Violent behavior at football matches has garnered international media attention for decades even though the vast majority of matches pass without any significant violent incidents. Despite the widespread attention toward harmful behaviors, there is limited evidence on the effectiveness of current practices targeting negative fan behavior.
Attacks using vehicles like the one in Toronto this week are difficult to defend against, but that doesn't mean that law enforcement and local security forces can't make progress. There are four crucial elements to consider when thinking about mitigating the effects of ramming attacks.
Ambulance data is a new form of intelligence which may have value for violence prevention or reduction activities. Police forces can use this data to help identify violent crime that goes unreported to police, and aid problem-solving activities to reduce and prevent violence.
Terrorist groups that track developments in technology could be considering using self-driving cars in place of suicide bombers or for ramming attacks. But autonomous vehicle capabilities offer a range of potential benefits to law enforcement and security operations, too.
Police forces in England and Wales may not be aware of a large proportion of violent incidents taking place in their areas. Ambulance data could contribute to a more complete picture of violent crime and help police target resources more effectively.
Given the persistent risk of terrorist attacks, it is critical to learn from past incidents to prepare for future ones. Medical and nonmedical first responders need more training in basic lifesaving skills. Open communication lines such as a dedicated radio frequency could help responders better coordinate. Disaster drills are also essential.
The U.S. government must choose where to apply limited resources to defend soft targets. But it could expand its information-sharing efforts with other governments and local law enforcement. Broad intelligence sharing and more training could help identify potential attackers before they can execute their plans.
Research on body cameras has shown mixed results. Complaints against police officers dropped when cameras were used, but rates of assault against them during arrests were higher. How much discretion the officers used in turning cameras on and off was also a factor.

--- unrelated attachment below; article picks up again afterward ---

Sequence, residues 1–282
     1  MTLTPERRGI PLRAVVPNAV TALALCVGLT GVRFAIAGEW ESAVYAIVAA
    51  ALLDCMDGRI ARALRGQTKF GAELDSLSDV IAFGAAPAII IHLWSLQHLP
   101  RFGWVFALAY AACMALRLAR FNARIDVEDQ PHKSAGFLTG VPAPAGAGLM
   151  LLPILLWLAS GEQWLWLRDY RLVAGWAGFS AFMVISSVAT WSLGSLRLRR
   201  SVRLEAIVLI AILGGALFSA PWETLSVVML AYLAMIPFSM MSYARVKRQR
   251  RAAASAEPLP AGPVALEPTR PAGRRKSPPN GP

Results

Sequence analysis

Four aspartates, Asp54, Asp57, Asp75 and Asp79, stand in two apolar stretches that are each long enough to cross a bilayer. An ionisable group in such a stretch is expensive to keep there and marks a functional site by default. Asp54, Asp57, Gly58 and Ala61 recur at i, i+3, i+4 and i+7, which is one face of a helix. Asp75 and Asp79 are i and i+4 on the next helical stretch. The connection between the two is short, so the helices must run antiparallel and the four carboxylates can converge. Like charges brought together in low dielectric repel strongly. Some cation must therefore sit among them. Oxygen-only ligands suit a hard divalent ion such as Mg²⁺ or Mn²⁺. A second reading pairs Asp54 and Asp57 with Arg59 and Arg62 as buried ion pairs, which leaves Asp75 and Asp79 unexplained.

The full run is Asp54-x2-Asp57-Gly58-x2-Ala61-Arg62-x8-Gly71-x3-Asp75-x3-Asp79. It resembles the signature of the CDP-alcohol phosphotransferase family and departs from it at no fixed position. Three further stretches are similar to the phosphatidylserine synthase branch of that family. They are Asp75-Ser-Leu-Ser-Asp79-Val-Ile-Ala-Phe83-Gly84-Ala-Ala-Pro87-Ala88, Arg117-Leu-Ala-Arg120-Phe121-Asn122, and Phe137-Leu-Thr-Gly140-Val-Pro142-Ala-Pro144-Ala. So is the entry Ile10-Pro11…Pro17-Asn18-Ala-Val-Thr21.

Electronically stored information from smart appliances, fitness trackers, and other devices is making its way into the U.S. court system. Judges and lawyers need to better understand this evidence so they can challenge it or rule on its admissibility in court.
Building the morale of the Department of Homeland Security workforce should be a priority of the incoming leadership team. Strong communication with career employees, team building, and demonstrating respect for work that has already been done is needed.
The new administration has options to deal with the detention facility at Guantánamo Bay. It could maintain the status quo, make improvements to speed the trials, close the facility and relocate the remaining inmates, or accept new detainees.
The UK's Home Office commissioned the development of a new training package and standard of practice for the use of stop and search. As the program is rolled out nationally, officers need to receive consistent and persuasive messages about the purpose and goals of the training.
Billions of dollars are spent worldwide on the rollout of police body cameras. There is an urgent need to understand whether the cameras help police and the public, and under what conditions they work best.
The Chicago Police Department's predictive policing program didn't work. To achieve even a 5 percent drop in the city's homicide rate, enormous leaps in both prediction and intervention effectiveness are necessary.